Clinic Delivers Medical Care, Military Skills Training
By Donna Miles
American Forces Press Service
LILONGWE, Malawi, May 12, 2011 The nation known as the “Warm Heart of Africa” got a little warmer here yesterday as U.S. military and Malawi Defense Force members teamed up for a humanitarian civic assistance mission and provided free medical and dental care for hundreds of local residents.
Army Maj. Jack Twomey, a nurse with the Army Reserve’s 399th Combat Support Hospital, takes blood pressure readings from a young boy as a long line of other Malawians wait their turn to receive care during MEDREACH 11 in Lilongwe, Malawi, May 11, 2011. DOD photo by Donna Miles
(Click photo for screen-resolution image);high-resolution image available.
The crowds began arriving hours before the official opening of the MEDREACH 11 clinic, with people of all ages hoping for a chance to be seen by a doctor, nurse or dentist.
The local health clinic located on the city’s outskirts buzzed with activity as U.S. and Malawi service members welcomed visitors to the last of three humanitarian civic assistance outreach missions conducted since the exercise kicked off May 1.
Working in an open-air tent, Army Sgt. Jeffrey Niemi from the Army Reserve’s 399th Combat Support Hospital soothed a whimpering infant while testing her mother’s blood pressure.
Next door, Army Cols. (Dr.) Beth Mazyck and (Dr.) Colleen Khoehn, also members of the 399th CSH, consulted with patients suffering from malaria, abdominal distress, HIV and other diseases and illnesses.
In the adjoining building, Air Force Maj. (Dr.) Joan Salido, an Air Force reservist from Wright-Patterson Air Force Base, Ohio, studied the mouth of an elderly woman, preparing to extract the tooth that had caused the woman so much pain for so long.
Across the compound, Army Spec. Brian Zimmerman, a reservist with the 403rd Civil Affairs Battalion, greeted local residents as they entered a tent to hear a Malawi soldier teach them the basics about malaria prevention and how to get a free mosquito net to take home.
During a medical readiness education and training exercise held across town at the Lions Sight First Eye Hospital, Army Lt. Col. (Dr.) Darrel “Casey” Carlton from Womack Army Medical Center at Fort Bragg, N.C., prepped a 78-year-old man for cataract surgery that would restore the vision the man had lost years before.
By the day’s end, the numbers spoke for themselves. Six-hundred patients received medical care at today’s clinic, bringing the total number of patients served during three outreach missions to almost 1,600. Another 147 patients received dental care today, bringing the total since May 5 to 511. And another 308 patients had cataract surgeries; about 50 per day since the ophthalmology team hit the ground here May 3.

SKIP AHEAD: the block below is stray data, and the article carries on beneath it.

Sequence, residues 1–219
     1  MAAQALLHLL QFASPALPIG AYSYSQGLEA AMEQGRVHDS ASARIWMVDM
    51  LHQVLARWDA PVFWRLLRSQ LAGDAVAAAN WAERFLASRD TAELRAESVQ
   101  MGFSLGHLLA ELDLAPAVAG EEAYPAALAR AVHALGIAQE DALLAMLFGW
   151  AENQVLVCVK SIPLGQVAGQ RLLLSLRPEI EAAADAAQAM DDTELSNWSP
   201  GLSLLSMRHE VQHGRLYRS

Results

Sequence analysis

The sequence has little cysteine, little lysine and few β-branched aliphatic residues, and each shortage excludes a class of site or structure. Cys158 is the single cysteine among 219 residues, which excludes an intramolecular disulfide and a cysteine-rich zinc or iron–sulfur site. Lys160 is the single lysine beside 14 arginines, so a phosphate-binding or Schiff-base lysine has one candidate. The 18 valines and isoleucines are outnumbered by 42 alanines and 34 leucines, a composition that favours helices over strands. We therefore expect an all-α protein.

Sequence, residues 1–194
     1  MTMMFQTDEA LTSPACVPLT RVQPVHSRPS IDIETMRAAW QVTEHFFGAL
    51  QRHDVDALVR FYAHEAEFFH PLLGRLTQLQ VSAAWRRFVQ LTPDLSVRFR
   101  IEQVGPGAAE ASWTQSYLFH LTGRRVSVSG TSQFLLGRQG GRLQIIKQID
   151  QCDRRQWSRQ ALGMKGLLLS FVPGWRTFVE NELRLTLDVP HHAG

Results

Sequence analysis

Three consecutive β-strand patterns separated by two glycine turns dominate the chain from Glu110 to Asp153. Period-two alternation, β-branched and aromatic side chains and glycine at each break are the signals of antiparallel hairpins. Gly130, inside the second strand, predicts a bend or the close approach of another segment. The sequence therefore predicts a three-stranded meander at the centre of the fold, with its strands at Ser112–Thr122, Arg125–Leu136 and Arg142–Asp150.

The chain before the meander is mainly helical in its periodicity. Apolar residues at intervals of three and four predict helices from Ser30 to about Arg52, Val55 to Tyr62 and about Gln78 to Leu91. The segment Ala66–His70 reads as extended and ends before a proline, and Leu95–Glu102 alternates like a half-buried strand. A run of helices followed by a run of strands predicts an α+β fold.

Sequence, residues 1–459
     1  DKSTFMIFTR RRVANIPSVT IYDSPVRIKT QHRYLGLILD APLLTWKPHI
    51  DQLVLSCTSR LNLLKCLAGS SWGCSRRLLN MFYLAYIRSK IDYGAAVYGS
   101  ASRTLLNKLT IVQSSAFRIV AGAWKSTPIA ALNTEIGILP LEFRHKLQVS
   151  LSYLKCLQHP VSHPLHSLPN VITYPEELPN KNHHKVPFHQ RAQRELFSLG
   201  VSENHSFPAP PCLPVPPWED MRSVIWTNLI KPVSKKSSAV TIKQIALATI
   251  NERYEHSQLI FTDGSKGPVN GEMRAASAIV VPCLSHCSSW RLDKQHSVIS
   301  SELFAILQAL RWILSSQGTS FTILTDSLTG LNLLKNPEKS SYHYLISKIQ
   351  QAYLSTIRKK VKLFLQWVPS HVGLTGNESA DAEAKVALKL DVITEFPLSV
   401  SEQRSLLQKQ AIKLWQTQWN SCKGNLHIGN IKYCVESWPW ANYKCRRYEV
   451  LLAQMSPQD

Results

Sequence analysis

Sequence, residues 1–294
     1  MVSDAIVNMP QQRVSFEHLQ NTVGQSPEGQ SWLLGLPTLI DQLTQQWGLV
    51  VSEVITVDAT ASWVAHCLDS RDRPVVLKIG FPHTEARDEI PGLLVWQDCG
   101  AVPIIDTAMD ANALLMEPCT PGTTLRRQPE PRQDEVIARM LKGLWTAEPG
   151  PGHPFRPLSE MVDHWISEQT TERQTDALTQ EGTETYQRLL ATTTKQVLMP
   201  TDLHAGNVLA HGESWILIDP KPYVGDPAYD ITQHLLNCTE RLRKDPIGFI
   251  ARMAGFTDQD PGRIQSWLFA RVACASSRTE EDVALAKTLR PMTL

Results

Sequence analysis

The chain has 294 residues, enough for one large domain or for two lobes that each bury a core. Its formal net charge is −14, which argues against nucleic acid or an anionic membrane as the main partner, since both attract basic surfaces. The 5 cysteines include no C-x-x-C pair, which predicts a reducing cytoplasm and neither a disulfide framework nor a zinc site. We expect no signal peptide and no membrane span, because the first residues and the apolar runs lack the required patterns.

“We’ve exceeded all our expectations,” declared Army Lt. Col. Ronald Zessin of the Illinois National Guard’s 404th Maneuver Enhancement Brigade, serving as the U.S. exercise commander. “Even with our most-positive expectations, we just weren’t expecting this kind of outcome.”
MEDREACH 11 promotes interoperability between the U.S. and Malawi militaries and increases both countries’ medical capabilities.
“Cooperation in the military is very important,” said Malawi Army Brig. Gen. (Dr.) Alfred Chitsa Banda, an internist overseeing the HCA outreach clinic. “We have different experiences in our careers, and we can learn from each other.”
Banda cited combat medicine skills the U.S. military has honed during operations in Iraq and Afghanistan, and said his troops would like to learn from them as they deploy about 850 soldiers for a peacekeeping mission in Ivory Coast.
But Army Capt. Warren McTernan, a nurse with the 399th CSH, emphasized that the training goes both ways. “They teach us tropical medicine and how they treat their patients,” he said. “I think we’re learning more from them than they are learning from us.”
“You see diseases here you would never see in the states,” including yellow fever, malaria and measles, agreed Army Maj. Kevin Murphy, a 399th CSH nurse taking blood-pressure readings at the clinic.
“Getting this exposure and information exchange is really valuable,” he said. “It helps make you ready for the next possible deployments.”
Meanwhile, Army Brig. Gen. Robert Pratt, commander of the 404th Maneuver Enhancement Brigade that is providing command and control for the mission, said MEDREACH 11 is reinforcing the skills needed to plan and conduct joint, combined operations.
The 100 U.S. participants in the exercise hail predominantly from the Army Reserve and National Guard, but participants also include a small contingent of Air Force Reserve dentists. In addition, active-duty Army ophthalmologists are conducting the eye surgery clinic.
Pratt said the highly decentralized operation encourages junior leaders to step up to take responsibility far exceeding their pay grades as they work with their host-nation counterparts.
“We learn from each other, and what’s being learned here will make everybody stronger,” Pratt said. “It will make better teams and better leaders.”
MEDREACH 11 participants report it’s some of the most satisfying training they’ve ever had.
“This is really gratifying work,” agreed Salido, as she prepared for a tooth extraction. “It feels great being able to deliver access to people who have very limited access to care.”
Zimmerman said he shot up his hand without hesitation when the 403rd Civil Affairs Battalion in Syracuse, N.Y., asked for volunteers for the mission.
“This is meaningful,” he said. “We are doing something important and we are helping people. The experience we’ve gotten from this has been amazing.”